These Pork Riblets make a great party appetizer, finger food or snack and are just like the ones on the menu at the neighbourhood pub. They’re crispy, easy to make yourself at home and don’t need no fancy seasonings to be absolutely delicious.
There’s not a pub that the boyfriend and I don’t go to where we don’t make it a point to try their ‘Pork Bites’ or ‘Dry Ribs’ or ‘Riblets’ ….or whatever they wanna call them. And yes, I don’t know if it’s just where I live, but you can almost always find a variation of them on every single menu. I mean, I can totally see why. Pork riblets are the perfect party food or snack. Essssspecially alongside a cold beer and maybe a plate of nachos or chicken wings. They are THE perfect pub food and super cheap to both buy and make. Since discovering that their deliciousness is SO easy to replicate at home, they’ve got thrown into the category of ‘things to make when I don’t feel like cooking’ or ‘Friday night pub nights….without even having to go to a pub’.
We’re not the only ones with nights like those in our household… right?!
To say that Pork Riblets are one of OUR favourite foods is an understatement. We just love them. Which sounds super weird coming from my boyfriend who firmly claims he hates pork at least once a week. *eye roll* We feel like not many people even know about these glorious little things. And that it is our duty, as the people who have proudly tried ’em in SEVERAL different establishments, to spread the word about how fingerlickin’-ly delicious they are. So, here’s us, standing on the rooftops and screaming: YOU REALLLLLLLY NEED TO MAKE THIS RIBLETS PORK RECIPE! DO IT! DO ITTTTT!
Or, at the very least, get an order the next time you happen to be sitting at your neighbourhood pub. Maybe I’ll see ya there! 😉
WHAT IS PORK RIBLETS?
Ok, so, embarrassing story. When I first went on my far and wide search for what cut of meat those tasty pub dry ribs are, I didn’t realize that they were actually in front of my face the entire time.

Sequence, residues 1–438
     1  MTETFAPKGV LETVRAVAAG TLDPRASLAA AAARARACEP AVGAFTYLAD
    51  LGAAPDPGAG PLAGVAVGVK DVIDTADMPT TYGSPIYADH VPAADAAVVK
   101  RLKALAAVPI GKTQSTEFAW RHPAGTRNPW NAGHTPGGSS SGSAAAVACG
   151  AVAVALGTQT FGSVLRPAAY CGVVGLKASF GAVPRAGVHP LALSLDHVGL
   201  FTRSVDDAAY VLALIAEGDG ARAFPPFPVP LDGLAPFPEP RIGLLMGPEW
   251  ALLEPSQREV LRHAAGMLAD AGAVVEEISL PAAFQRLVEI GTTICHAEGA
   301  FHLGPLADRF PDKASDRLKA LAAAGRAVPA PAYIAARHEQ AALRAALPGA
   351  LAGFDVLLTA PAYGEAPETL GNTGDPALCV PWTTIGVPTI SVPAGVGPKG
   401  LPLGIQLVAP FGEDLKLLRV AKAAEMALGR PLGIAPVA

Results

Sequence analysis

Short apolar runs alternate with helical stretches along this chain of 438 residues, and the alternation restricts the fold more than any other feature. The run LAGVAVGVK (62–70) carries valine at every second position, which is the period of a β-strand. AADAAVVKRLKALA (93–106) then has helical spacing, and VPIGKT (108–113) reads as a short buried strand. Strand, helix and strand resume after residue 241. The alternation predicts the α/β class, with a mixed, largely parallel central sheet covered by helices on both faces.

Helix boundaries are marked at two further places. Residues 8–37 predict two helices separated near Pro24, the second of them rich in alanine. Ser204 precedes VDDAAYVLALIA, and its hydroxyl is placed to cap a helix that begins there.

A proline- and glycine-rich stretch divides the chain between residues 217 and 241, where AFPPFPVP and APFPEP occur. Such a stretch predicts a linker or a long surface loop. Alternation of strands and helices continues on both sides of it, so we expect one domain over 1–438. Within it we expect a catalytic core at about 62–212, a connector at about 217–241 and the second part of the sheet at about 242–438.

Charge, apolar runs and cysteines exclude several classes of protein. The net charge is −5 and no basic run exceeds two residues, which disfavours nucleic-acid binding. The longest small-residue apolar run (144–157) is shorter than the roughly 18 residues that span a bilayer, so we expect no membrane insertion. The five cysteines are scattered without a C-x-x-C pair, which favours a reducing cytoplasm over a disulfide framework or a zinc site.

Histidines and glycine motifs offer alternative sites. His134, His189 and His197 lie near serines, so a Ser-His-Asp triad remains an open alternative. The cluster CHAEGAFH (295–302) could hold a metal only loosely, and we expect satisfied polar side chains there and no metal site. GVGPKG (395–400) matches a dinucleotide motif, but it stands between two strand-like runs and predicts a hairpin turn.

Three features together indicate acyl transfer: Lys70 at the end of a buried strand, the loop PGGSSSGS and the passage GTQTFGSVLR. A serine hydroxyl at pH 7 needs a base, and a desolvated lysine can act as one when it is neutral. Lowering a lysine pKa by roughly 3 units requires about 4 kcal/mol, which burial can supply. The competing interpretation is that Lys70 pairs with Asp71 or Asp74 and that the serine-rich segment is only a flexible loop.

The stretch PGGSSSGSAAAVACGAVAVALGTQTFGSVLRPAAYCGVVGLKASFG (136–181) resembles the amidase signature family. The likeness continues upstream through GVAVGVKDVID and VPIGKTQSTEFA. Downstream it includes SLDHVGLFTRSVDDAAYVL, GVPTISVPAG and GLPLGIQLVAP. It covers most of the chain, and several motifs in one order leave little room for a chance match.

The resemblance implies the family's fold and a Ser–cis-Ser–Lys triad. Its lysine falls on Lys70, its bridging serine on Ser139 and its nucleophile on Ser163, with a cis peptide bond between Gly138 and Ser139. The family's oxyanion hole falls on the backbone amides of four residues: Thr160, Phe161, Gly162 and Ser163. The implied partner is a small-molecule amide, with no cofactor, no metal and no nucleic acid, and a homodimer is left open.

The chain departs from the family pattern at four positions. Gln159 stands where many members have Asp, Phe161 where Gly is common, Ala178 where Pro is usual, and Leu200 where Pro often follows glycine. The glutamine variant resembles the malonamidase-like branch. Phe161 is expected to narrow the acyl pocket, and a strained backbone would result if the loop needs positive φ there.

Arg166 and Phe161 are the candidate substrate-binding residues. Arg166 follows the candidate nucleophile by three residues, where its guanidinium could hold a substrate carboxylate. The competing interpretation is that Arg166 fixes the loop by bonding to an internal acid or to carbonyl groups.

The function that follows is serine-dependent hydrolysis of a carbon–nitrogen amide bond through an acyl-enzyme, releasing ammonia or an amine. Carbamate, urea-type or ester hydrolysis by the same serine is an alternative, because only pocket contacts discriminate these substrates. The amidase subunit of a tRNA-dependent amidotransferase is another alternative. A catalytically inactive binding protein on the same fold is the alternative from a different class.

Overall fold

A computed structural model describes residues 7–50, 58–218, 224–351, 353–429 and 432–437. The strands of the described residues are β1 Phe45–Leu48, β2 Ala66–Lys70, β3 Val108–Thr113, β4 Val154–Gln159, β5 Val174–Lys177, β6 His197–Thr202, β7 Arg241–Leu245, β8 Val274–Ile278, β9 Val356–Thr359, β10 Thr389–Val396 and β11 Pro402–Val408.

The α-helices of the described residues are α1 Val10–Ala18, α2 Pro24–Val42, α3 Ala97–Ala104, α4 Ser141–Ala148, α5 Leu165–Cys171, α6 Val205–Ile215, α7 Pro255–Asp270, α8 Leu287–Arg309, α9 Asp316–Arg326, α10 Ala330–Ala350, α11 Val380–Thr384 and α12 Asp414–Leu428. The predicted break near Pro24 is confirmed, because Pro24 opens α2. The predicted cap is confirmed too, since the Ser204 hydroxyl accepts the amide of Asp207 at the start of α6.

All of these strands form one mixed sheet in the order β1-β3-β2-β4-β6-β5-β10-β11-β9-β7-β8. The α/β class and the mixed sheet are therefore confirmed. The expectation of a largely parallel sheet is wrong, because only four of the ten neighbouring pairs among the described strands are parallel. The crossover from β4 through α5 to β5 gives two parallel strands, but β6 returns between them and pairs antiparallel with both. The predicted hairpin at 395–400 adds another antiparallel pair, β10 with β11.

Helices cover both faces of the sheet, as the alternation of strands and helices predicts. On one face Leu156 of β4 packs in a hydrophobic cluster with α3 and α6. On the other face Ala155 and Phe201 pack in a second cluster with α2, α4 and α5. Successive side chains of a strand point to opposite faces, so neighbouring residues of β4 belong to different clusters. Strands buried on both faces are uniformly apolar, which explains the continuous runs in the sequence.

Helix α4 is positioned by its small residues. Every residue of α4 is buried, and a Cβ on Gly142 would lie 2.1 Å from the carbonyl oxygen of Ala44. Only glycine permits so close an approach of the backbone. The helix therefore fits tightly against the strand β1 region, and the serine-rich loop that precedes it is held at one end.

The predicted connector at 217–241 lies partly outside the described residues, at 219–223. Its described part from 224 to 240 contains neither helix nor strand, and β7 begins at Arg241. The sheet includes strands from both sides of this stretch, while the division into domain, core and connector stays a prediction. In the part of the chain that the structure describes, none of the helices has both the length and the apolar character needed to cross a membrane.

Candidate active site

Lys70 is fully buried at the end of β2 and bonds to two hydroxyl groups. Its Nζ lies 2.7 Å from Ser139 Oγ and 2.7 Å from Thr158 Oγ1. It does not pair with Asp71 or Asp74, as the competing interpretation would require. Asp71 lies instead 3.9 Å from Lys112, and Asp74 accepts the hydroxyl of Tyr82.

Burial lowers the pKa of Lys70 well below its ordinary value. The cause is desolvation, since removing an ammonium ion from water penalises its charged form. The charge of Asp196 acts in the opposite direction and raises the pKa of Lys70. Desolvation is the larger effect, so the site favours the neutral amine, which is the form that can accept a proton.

You’ll find pork riblets in the meat section of the grocery store. Or at your local butcher (ask them if you don’t immediately see them in the case). I find that (at least where I live) not every grocery store always has them stocked up and it’s a kind of hit or miss situation. You’ll know ’em when you see ’em as pork riblets are shorter and stubbier looking than your typical pork back ribs. Since pork riblets are popular in Asian cooking, the easiest place to find them is at Asian grocery stores or supermarkets. Sometimes they are labeled ‘Sweet and Sour Ribs’ as that is what they’re mostly used to make. And sometimes, they are sold in a long slab instead of individual pieces. But don’t worry, a sharp knife is all you need to cut the slabs into riblets yourself.
Pork riblets are basically chicken wings in pork form. Haha. They’re crispy, have a bit of bone and you can season or sauce them however you want. They’re made by cutting a slab of ribs in half lengthwise so you get two separate portions. Then you cut those portions into individual pieces aka riblets. Riblets also come from the pieces the butcher trims off the racks of ribs to make them look nice and uniform. If you can’t find pork riblets pre cut and packaged, most butchers will be happy to cut a slab of pork loin back ribs in half. Then, when you get home, you can easily handle cutting them into riblets yourself.
INGREDIENTS YOU’LL NEED TO MAKE SALT AND PEPPER DRY RIBS
You can’t get any more basic than this. Am I right?! Let’s discuss the exact ingredients you’ll need to make these Riblets Pork Recipe just like your neighbourhood pub in a little bit more detail down below: